partitionContentTopic = keccak256(partitionContentTopic)

shardNum = 128
shardIndex = 768 + mod(publicKey, shardNum)

Infrastructure Nodes #

As described in 30/ADAPTIVE-NODES, Waku supports a continuum of node types with respect to available resources. Infrastructure nodes are powerful nodes that have a high bandwidth connection and a high up-time.

This document, which informs about simple ways of scaling Status over Waku, assumes the presence of a set of such infrastructure nodes in each shard. Infrastructure nodes are especially important for providing connectivity in the roll-out phase.

Infrastructure nodes are not limited to Status fleets, or nodes run by community owners. Anybody can run infrastructure nodes.

Statically-Mapped Communities #

Infrastructure nodes are provided by the community owner, or by members of the respective community.

Owner-Mapped Communities #

Infrastructure nodes are part of a subset of the shards in the range 128 - 767. Recommendations on choosing this subset will be added in a future version of this document.

Status fleet nodes make up a part of these infrastructure nodes.

1:1 chat #

Infrastructure nodes are part of a subset of the shards in the range 768 - 985 (similar to owner-mapped communities). Recommendations on choosing this subset will be added in a future version of this document.

Desktop clients can choose to only use filter and lightpush.

Note: Discussion: I’d suggest to set this as the default for the MVP. The load on infrastructure nodes would not be higher, because they have to receive and relay each message anyways. This comes as a trade-off to anonymity and decentralization, but can significantly improve scaling. We still have k-anonymity because several chat pairs are mapped into one content topic. We could improve on this in the future, and research the applicability of PIR (private information retrieval) techniques in the future.

Infrastructure Shards #

Waku messages are typically relayed in larger mesh networks comprised of nodes with varying resource profiles (see 30/ADAPTIVE-NODES). To maximise scaling, relaying of specific message types can be dedicated to shards where only infrastructure nodes with very strong resource profiles relay messages. This comes as a trade-off to decentralization.

Control Message Shards #

To get the maximum scaling for select large communities for the Status scaling MVP, specific control messages that cause significant load (at a high user number) SHOULD be moved to a separate control message shard. These control messages comprise:

  • community description
  • membership update
  • backup
  • community request to join response
  • sync profile picture

The relay functionality of control messages shards SHOULD be provided by infrastructure nodes. Desktop clients should use light protocols as the default for control message shards. Strong Desktop clients MAY opt in to support the relay network.

Each large community (in the index range of 16 - 127) can get its dedicated control message shard (in the index range 896 - 1023) if deemed necessary. The Status CC community uses shard 896 as its control message shard. This comes with trade-offs to decentralization and anonymity (see Security Considerations section).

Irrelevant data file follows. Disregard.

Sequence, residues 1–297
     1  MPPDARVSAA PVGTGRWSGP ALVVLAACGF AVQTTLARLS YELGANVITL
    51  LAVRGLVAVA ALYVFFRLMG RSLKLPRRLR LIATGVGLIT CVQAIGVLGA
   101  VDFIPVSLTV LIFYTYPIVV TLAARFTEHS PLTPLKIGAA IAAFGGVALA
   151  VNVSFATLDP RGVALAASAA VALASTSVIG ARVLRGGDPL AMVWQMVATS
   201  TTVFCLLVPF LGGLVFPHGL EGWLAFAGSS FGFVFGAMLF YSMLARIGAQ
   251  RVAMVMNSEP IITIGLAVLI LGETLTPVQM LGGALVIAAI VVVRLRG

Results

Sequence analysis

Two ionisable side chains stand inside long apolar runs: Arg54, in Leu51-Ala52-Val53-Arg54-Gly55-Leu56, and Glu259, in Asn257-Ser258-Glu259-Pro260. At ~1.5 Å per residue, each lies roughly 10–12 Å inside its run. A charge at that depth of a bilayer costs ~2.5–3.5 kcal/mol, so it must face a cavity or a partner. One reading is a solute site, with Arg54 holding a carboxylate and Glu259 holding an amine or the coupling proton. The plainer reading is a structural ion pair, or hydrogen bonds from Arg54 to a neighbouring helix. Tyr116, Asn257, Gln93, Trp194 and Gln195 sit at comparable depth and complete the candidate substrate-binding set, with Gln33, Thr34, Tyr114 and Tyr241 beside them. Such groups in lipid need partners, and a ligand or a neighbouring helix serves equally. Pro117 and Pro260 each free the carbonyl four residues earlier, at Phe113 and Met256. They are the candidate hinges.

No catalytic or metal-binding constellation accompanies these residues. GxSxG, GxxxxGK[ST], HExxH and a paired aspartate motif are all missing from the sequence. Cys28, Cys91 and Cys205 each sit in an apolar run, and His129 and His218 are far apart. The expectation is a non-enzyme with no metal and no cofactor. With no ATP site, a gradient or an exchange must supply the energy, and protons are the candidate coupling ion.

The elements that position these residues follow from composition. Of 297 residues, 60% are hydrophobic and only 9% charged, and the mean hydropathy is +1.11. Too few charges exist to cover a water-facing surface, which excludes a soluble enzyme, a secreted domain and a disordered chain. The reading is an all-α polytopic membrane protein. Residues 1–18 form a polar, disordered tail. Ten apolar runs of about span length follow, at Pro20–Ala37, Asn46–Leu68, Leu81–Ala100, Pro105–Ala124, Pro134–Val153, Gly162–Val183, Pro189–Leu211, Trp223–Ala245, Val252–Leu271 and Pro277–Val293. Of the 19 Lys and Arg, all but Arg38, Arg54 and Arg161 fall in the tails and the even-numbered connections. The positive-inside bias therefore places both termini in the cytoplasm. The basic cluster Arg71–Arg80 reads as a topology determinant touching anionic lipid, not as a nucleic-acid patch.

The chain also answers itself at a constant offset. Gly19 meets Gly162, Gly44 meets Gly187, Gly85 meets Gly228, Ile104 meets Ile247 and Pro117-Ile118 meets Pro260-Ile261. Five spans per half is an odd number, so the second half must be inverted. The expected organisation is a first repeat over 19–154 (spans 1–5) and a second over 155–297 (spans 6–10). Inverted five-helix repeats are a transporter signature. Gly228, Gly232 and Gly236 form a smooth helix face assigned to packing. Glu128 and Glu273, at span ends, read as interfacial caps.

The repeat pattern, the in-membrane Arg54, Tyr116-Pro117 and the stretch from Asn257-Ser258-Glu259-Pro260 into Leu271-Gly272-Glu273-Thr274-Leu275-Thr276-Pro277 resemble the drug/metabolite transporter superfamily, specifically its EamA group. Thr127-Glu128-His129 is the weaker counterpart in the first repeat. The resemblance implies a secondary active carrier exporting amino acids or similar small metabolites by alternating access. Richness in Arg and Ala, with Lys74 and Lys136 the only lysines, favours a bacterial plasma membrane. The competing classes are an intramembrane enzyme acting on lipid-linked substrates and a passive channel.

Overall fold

Media Shards #

Similar to control messages, media-heavy communities should use separate media shards (in the index range 896 - 1023) for disseminating messages with large media data. The Status CC community uses shard 897 as its media shard.

Infrastructure-focused Community #

Large communities MAY choose to mainly rely on infrastructure nodes for all message transfers (not limited to control, and media messages). Desktop clients of such communities should use light protocols as the default. Strong Desktop clients MAY opt in to support the relay network.

Note: This is not planned for the MVP.

Light Protocols #

Light protocols may be used to save bandwidth, at the (global) cost of not contributing to the network. Using light protocols is RECOMMENDED for resource restricted nodes, e.g. browsers, and devices that (temporarily) have a low bandwidth connection or a connection with usage-based billing.

Light protocols comprise

Waku Archive #

Archive nodes are Waku nodes that offer the Waku archive service via the Waku store protocol (13/WAKU2-STORE). They are part of a set of shards and store all messages disseminated in these shards. Nodes can request history messages via the 13/WAKU2-STORE.

The store service is not limited to a Status fleet. Anybody can run a Waku Archive node in the Status shards.

Note: There is no specification for discovering archive nodes associated with specific shards yet. Nodes expect archive nodes to store all messages, regardless of shard association.

The recommendation for the allocation of archive nodes to shards is similar to the allocation of infrastructure nodes to shards described above. In fact, the archive service can be offered by infrastructure nodes.

Discovery #

Shard discovery is covered by 51/WAKU2-RELAY-SHARDING. This allows the Status app to abstract from the discovery process and simply address shards by their index.

DoS Protection #

Note : DoS protection will be specified in a soon-to-follow update of this RFC (while in raw state). The following sketches basic approaches. DoS protection might move in a separate document and be referenced here.

Statically-Mapped Communities #

Basic idea: Each Waku message is signed with key material provided by the community owner. Relay nodes only relay messages that have the correct signature. Community infrastructure nodes are provided with the necessary key material, too.

Owner-Mapped Communities #

Basic idea: Tokenized load.

1:1 Chat #

An idea we plan to explore in the future: Map 1:1 chats to community shards, if both A and B are part of the respective community. This increases k-anonymity and benefits from community DoS protection. It could be rate-limited with RLN.

Security/Privacy Considerations #

This document makes several trade-offs to privacy and anonymity. Todo: elaborate. See 45/WAKU2-ADVERSARIAL-MODELS for information on Waku Anonymity.

Copyright #

Copyright and related rights waived via CC0.

References #